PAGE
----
Amount of E.coli in private water supply samples are causing concern, as Scotland’s Drinking Water Quality Regulator unveils their data for 2019.
In 2019, a total of 48,384 tests were taken from regulated private water supplies, which are those supplying more than 50 people or a commercial activity.
89.8 per cent of tests met the required standard, but 14.5% of these supplies had a sample that contained E.coli, which indicates faecal contamination and potentially causes serious illness.
Compliance figures have not improved in recent years, and the 2019 results actually represent a deterioration for many types of test, as 11% of samples contained E.coli in 2018.
Private water supplies are those owned and managed by individuals rather than Scottish Water and around 3.3 per cent of the Scottish population receive their water from them.
It is estimated that around 200,000 people rely on a private water supply for their drinking water, with many thousands more using them occasionally, typically in holiday accommodation.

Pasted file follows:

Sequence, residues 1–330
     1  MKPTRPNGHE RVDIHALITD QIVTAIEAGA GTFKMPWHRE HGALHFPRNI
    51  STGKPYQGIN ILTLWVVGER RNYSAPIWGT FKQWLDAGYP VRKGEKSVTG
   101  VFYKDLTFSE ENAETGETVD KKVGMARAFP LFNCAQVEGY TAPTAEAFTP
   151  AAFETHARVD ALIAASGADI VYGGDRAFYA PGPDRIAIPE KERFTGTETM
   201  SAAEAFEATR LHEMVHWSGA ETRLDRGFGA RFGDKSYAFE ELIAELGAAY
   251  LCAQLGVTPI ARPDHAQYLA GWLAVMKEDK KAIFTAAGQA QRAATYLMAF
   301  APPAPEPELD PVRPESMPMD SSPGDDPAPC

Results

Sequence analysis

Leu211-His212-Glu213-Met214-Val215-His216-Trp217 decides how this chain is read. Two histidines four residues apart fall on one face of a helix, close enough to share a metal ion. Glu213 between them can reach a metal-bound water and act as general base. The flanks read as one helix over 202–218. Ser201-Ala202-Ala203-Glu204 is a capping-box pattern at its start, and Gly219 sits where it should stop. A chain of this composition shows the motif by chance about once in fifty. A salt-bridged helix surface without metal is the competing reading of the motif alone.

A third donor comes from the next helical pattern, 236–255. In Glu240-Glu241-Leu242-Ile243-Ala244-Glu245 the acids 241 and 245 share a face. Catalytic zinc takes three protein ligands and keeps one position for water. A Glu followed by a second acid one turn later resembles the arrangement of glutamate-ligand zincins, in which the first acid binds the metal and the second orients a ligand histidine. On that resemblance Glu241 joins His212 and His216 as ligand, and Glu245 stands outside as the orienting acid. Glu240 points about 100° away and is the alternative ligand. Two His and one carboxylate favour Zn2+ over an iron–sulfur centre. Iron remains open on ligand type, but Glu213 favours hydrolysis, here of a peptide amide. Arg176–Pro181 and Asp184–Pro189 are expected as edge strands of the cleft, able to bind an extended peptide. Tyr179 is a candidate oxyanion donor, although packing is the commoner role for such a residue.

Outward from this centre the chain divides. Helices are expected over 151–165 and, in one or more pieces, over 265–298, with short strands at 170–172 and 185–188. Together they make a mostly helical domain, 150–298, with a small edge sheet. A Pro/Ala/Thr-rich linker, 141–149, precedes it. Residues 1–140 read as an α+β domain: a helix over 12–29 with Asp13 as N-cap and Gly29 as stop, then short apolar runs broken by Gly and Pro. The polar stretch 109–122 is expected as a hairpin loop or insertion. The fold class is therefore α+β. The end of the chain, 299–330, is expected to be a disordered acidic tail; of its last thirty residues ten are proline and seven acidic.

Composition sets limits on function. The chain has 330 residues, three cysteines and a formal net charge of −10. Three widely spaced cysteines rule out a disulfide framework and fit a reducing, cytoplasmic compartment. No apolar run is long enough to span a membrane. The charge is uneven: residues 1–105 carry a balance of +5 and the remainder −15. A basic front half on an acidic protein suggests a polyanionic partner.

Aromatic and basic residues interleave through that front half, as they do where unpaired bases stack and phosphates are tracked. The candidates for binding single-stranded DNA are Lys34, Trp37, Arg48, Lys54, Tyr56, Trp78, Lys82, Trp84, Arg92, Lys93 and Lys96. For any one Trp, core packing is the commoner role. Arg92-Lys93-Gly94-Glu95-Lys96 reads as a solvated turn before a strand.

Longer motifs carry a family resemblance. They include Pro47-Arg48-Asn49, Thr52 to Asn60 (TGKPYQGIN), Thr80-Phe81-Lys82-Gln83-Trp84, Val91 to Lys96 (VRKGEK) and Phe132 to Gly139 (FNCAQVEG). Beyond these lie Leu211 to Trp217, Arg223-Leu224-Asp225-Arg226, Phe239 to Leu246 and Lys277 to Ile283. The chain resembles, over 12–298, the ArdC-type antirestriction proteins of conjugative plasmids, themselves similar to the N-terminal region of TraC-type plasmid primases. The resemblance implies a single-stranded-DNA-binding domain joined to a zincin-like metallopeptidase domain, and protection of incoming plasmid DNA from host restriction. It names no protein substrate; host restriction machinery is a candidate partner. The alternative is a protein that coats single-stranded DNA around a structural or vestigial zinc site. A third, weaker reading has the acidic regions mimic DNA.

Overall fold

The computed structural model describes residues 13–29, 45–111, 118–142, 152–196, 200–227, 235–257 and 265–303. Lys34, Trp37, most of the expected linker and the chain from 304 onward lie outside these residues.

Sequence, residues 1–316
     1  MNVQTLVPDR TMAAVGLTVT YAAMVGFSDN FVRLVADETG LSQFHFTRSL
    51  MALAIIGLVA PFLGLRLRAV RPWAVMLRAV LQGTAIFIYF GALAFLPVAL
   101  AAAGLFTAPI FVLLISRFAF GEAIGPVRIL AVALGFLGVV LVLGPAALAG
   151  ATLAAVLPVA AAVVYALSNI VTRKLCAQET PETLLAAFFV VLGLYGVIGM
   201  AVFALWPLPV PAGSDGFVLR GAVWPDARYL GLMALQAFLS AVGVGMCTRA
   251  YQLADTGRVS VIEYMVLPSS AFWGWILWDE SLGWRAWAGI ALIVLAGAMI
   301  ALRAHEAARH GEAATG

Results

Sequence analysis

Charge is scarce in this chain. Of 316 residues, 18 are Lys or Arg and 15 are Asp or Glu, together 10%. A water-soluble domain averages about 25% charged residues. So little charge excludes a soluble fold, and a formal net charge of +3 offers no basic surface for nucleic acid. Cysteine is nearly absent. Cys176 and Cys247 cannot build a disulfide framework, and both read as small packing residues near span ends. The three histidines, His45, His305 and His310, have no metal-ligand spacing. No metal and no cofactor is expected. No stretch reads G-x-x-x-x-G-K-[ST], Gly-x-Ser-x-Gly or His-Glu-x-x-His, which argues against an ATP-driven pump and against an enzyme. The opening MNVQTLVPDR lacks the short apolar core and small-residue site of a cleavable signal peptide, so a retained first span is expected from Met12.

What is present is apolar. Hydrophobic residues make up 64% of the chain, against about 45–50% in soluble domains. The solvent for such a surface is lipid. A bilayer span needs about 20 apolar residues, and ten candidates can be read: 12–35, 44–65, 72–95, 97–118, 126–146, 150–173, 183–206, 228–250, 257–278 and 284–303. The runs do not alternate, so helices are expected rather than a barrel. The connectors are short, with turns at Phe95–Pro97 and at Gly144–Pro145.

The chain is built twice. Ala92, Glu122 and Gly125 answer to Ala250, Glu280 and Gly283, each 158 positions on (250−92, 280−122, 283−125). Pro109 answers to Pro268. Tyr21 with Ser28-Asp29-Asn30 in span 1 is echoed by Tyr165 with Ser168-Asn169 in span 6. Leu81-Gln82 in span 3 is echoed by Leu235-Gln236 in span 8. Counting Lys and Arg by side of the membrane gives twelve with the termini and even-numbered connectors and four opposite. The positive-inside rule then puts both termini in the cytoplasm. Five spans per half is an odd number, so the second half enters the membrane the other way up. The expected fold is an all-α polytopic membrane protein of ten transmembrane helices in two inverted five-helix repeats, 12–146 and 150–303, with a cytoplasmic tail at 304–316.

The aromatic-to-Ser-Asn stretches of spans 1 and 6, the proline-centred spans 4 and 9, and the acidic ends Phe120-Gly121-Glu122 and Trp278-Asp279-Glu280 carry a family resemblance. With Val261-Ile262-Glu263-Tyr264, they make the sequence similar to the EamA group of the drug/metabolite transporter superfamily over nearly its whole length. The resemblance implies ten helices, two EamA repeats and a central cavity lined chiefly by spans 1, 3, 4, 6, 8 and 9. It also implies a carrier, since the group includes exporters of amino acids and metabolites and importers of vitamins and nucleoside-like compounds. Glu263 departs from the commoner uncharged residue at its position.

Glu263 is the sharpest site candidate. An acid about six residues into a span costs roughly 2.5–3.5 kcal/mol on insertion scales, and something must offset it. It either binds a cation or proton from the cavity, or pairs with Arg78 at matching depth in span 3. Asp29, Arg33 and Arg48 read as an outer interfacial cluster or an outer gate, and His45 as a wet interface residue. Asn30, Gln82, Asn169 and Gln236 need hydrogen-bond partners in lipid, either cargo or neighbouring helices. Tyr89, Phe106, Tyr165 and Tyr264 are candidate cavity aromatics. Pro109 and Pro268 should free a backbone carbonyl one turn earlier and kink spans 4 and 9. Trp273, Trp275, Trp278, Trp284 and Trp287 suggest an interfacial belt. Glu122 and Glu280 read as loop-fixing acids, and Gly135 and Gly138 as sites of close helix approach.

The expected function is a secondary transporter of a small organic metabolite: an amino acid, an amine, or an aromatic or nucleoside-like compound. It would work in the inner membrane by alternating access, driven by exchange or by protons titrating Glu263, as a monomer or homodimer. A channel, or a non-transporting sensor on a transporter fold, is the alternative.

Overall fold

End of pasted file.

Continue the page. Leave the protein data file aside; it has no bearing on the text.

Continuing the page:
The supplies range from those serving a single house to much larger numbers of houses as well as hotels, tourist accommodation and other businesses.
Many of the very small types of supplies have little or no treatment and where water from these supplies does not meet the standards, there may be a risk to the health of those drinking from them.
According to the latest report from Scotland’s Drinking Water Quality Regulator, ‘a significant number’ do not meet the required drinking water standards and almost certainly represent a risk to health.
Drinking Water Quality Regulator Sue Petch commented on the findings: “It is concerning that the quality of private water supplies is not improving and I am especially worried about those supplies that tested positive for E. coli
“These supplies represent a risk to the residents, visitors and customers who consume them.
“It is vital that these supplies are improved so that people using them have a safe and reliable supply of drinking water.
“Local authorities can offer advice and support as well as enabling access to a Scottish Government grant to make improvements.”
The full report is available here